Summer League Rumors
Beasley has played with four teams in eight years, including two stints with the Heat. He’s only 27 and perhaps with discipline and a couple of breaks could develop into a dependable rotation player. That’s why he was in Las Vegas. “I feel as if I’ve always been prepared. I’ve been one to take my game seriously, but it’s just a little more special, a little more precious, just slow down and enjoy the ride this time,” he said. “My first time, I was 19, 20 years old, I thought I knew everything and y’all gave me all the money in the world, so I wasn’t thinking to look at y’all [in the eye] anymore. I’m doing it the right way this time, slowing down, enjoying the process, falling in love with the process.
Here is a brief look at 10 PIT alums from this season and how they fared this summer: Bryn Forbes (6-3, 190), Michigan State (San Antonio Spurs) Unlike many of his PIT brethren, Forbes was given ample opportunity to show his team what he had. In eight games, he shot 40.6 percent from three-point range and 94.4 percent from the line, averaging 11.6 ppg in about 25 minutes per game of playing time. Forbes tallied 23 points vs Philadelphia, hitting 8-10 from the field and 4-5 from three-point range. Forbes has textbook catch-and-shoot mechanics but also understands when not to shoot, which could get him on the court with veteran players sooner. The Spurs signed Forbes to a partially guaranteed contract, and he has an excellent chance to secure a roster spot in the fall.
Andrew Andrews (6-2, 200), Washington (Los Angeles Clippers) Andrews knows how to put the ball in the basket, as evidenced by his 20.9 ppg average as a senior at Washington. Playing for the Clippers in Orlando, Andrews put together several solid performances, averaging 11.0 points, 4.4 rebounds, 3.2 assists and 2.2 steals in 28.6 minutes per game. Andrews got to the line more than five times per game in Orlando, shooting 77 percent from there, and NBA veterans broadcasting his games (Greg Anthony, Vince Carter) noted his ability to get into the lane and create plays both for himself and teammates. Andrews must be a combo guard to earn a look from the NBA, and he took a big first step in that direction in Orlando.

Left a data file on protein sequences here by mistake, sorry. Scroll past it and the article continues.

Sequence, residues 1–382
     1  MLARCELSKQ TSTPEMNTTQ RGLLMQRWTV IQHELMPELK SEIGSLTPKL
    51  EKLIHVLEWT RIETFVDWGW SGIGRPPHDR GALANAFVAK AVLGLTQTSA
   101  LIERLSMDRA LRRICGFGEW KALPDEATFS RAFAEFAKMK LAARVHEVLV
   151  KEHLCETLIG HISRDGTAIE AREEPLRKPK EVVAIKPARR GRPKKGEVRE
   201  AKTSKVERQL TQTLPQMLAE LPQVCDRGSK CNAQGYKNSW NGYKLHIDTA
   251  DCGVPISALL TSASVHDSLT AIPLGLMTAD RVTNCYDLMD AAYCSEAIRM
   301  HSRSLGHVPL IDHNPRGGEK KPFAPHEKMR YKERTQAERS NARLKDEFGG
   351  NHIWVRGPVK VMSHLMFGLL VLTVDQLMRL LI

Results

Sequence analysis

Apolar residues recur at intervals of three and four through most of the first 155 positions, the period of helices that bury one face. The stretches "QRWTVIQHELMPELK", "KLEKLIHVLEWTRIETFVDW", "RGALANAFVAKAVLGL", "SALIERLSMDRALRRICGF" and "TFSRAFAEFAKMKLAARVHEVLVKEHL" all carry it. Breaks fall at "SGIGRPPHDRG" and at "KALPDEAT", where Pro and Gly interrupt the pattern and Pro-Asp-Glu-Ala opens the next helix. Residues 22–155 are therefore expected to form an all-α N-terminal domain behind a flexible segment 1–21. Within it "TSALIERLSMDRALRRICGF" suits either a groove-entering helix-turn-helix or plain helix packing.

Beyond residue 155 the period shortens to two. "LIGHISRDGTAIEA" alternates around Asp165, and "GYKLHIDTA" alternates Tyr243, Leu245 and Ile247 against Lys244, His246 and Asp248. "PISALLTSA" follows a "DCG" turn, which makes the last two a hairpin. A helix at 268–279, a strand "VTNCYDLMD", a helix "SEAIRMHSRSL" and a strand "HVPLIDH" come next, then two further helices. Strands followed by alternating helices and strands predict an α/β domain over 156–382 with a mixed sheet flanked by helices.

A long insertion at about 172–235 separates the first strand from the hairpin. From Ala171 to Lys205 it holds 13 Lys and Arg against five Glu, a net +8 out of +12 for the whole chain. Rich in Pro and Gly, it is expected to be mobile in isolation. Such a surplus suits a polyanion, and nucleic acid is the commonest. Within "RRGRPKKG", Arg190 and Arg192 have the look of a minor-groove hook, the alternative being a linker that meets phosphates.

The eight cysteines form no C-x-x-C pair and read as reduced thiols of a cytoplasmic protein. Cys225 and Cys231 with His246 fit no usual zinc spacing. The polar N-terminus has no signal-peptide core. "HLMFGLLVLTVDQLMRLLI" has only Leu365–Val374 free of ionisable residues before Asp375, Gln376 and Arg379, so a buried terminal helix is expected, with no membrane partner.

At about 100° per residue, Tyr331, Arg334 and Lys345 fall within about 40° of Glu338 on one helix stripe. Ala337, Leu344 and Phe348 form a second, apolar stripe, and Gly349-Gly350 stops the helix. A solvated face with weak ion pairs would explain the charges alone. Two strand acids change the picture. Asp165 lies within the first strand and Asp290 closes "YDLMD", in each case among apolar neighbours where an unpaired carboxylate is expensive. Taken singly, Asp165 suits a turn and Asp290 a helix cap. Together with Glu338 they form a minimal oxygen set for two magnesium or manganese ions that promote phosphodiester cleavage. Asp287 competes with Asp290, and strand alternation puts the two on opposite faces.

The lithe Maker averaged 14.2 points and raised some eyebrows with his consistent and strong rebounding, averaging 9.6 boards a game. But it wasn’t the numbers that Maker put up during summer league competitionthat the Bucks were most concerned about, according to Sean Sweeney, who served as the Bucks head coach. “I thought he did a great,’’ Sweeney said of Maker. “Our goal was daily improvement, not to skip any steps, try to improve each day and try to do the best he could every time he stepped on the floor and try to put together as many good plays as he could, as many good possessions as he could and I thought he did a great job in checking those boxes.’’
As he watched his team’s future compete for a summer league title, new Minnesota Timberwolves coach Tom Thibodeau was still waiting for an answer as to whether one of the last links to the franchise’s past will still be a part of the team next season. “We just have to give him time,” Thibodeau told ESPN Monday night when asked about the future of Wolves star Kevin Garnett.
First, Denzel Valentine hit a 3-pointer with 0.2 seconds left to force overtime after Timberwolves guard Tyus Jones sank a circus 3-pointer over two defenders with 3.6 seconds left in regulation of Monday’s NBA Summer League final at Thomas & Mack Center. Then, Valentine dribbled into the paint, pump-faked and calmly sank a buzzer-beating game-winner as the Bulls downed the Timberwolves 84-82. “I’m here for a reason,” Valentine said. “The Bulls picked me up to be a confident player and come through when the team needs me and be a winner. That’s what I preached during my draft interviews. I just keep winning on my mind.”